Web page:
It probably sounds odd or even redundant to say that St. Anthony parish values liturgy. After all, worship is the source and summit of the Catholic Church. Don’t all Catholic churches value liturgy? What makes St. Anthony any different (and make no mistake, we think we are not a typical church in our attitude and practices regarding Sunday worship)?
When I first came here, two and a half years ago, it was a revelation to participate at liturgy in which full, active, conscious participation is the norm. People here sing, they respond to the prayers, they are remarkably friendly. If you come here on the day when liturgical ministers are commissioned, you will see a good third to half of the congregation commit to serving in one or more of the roles open to the laity.
All of this, though, is the manifestation of an underlying charism that sets this parish apart from many. The parishioners of St. Anthony profoundly experience liturgy as communion, as an experience of Christ through the four manifestations elucidated in the Constitution on the Sacred Liturgy: the Word, the eucharistic elements, the presider and the people. Most churches get the first three of these, but truly embracing the Real Presence in the assembly is not so easily discerned—or at least not so obviously perceived in many churches.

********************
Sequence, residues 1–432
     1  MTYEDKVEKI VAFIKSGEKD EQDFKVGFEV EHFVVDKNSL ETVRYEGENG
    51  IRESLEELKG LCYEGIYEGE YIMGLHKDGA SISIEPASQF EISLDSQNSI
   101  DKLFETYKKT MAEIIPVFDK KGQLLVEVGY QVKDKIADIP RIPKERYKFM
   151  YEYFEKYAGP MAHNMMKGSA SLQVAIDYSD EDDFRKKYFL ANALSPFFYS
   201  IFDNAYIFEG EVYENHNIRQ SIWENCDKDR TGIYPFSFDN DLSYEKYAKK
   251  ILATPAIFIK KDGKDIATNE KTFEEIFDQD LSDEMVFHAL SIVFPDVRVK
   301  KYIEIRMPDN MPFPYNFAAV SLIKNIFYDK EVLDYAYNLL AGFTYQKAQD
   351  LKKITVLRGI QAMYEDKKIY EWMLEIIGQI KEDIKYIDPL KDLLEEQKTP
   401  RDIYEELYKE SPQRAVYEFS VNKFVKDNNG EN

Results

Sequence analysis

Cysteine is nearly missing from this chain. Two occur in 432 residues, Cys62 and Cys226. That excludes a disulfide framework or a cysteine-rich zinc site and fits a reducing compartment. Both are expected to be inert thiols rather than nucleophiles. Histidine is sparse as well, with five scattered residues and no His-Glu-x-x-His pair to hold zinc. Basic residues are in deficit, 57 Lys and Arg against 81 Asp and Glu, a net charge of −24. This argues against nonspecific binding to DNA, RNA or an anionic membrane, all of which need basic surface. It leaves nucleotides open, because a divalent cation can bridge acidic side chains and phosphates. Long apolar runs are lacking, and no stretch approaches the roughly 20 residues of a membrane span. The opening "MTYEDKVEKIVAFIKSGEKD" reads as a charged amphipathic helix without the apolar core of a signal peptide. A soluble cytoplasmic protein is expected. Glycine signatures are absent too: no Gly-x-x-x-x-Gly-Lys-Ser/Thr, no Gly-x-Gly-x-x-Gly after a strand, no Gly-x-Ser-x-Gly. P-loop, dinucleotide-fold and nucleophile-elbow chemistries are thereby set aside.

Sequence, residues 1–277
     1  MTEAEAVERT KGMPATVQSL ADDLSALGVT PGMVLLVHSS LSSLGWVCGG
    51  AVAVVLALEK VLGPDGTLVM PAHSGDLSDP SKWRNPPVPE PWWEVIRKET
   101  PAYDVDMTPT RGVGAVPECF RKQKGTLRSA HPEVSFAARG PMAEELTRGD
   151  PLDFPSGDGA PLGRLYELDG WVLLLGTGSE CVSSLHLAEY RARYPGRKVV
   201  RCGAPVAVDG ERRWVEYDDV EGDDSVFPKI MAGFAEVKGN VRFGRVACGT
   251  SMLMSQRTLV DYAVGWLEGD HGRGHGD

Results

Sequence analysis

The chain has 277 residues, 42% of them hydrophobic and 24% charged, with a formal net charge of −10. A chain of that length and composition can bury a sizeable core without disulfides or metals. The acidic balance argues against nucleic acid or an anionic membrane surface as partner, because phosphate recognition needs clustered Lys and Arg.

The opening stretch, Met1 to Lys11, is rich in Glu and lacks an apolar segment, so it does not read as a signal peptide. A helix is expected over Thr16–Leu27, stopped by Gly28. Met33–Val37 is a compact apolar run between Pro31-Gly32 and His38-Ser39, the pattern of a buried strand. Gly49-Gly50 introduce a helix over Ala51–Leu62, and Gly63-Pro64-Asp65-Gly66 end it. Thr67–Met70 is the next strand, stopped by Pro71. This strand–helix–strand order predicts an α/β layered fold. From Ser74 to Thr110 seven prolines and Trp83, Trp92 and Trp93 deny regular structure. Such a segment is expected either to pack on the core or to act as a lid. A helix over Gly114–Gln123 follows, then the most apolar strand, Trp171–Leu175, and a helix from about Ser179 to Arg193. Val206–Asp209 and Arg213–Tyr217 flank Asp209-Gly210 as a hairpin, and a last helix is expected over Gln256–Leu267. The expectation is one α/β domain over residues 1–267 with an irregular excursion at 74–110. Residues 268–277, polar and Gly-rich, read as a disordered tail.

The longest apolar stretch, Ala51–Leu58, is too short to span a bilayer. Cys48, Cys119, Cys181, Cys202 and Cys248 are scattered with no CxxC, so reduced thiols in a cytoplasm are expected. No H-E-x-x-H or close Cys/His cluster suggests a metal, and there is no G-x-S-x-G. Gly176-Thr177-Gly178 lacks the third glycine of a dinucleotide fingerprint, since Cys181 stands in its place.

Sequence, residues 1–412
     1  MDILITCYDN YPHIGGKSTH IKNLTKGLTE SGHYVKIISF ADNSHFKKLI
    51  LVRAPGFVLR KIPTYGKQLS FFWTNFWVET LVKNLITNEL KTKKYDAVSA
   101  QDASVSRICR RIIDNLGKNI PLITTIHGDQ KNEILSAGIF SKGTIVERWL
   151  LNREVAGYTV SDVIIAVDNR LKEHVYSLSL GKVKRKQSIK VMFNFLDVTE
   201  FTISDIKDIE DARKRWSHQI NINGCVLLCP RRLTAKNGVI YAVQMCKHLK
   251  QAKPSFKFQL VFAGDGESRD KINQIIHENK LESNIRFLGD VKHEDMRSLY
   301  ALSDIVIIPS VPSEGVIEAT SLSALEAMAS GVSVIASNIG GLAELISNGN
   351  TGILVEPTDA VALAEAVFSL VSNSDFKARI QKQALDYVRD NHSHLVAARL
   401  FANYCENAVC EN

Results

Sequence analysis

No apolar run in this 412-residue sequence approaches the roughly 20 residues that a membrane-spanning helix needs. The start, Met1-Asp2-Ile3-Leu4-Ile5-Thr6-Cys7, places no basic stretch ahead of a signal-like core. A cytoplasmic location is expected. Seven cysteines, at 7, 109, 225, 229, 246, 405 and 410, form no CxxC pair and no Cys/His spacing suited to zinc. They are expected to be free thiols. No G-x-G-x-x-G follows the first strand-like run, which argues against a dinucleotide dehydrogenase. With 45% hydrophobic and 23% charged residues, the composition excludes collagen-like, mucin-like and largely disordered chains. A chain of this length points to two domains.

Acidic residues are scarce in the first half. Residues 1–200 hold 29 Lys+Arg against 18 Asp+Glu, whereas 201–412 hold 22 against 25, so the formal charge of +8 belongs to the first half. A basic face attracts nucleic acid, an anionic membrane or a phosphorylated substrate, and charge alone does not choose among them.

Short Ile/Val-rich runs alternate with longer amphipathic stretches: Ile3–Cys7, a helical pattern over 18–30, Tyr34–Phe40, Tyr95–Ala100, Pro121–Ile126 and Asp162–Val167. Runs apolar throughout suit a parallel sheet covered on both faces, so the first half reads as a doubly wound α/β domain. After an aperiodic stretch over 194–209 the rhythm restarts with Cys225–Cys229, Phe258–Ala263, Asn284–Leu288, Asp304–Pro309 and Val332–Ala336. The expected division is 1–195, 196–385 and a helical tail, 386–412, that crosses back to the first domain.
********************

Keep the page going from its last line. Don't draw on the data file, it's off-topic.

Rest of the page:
Seeing the congregation as Real Presence means seeking excellence in every aspect of the worship experience. It means taking responsibility for the liturgy so that the priest isn’t held solely responsible for the encounter with Christ. It causes worshipers to regard each other as important, which leads to an attitude of caring and concern, of appreciation of the gifts each person brings. Experiencing Christ in the assembly creates an electric atmosphere.
In some ways this parish might seem (borrowing a descriptor of the worship experience of the ‘70’s) “happy-clappy” because of the exuberance of the worship experience. This is far too dismissive of the depth of this church. Care for details here is intense. Expectations are high. There is an admirable degree of professionalism among our lay ministers. Joy does not imply laxity. Jesus’ followers were considered a merry band. Why shouldn’t we be too if we are encountering Christ? The joy doesn’t come from a lackadaisical attitude toward worship. It comes from experiencing worship done well. It comes from experiencing Christ.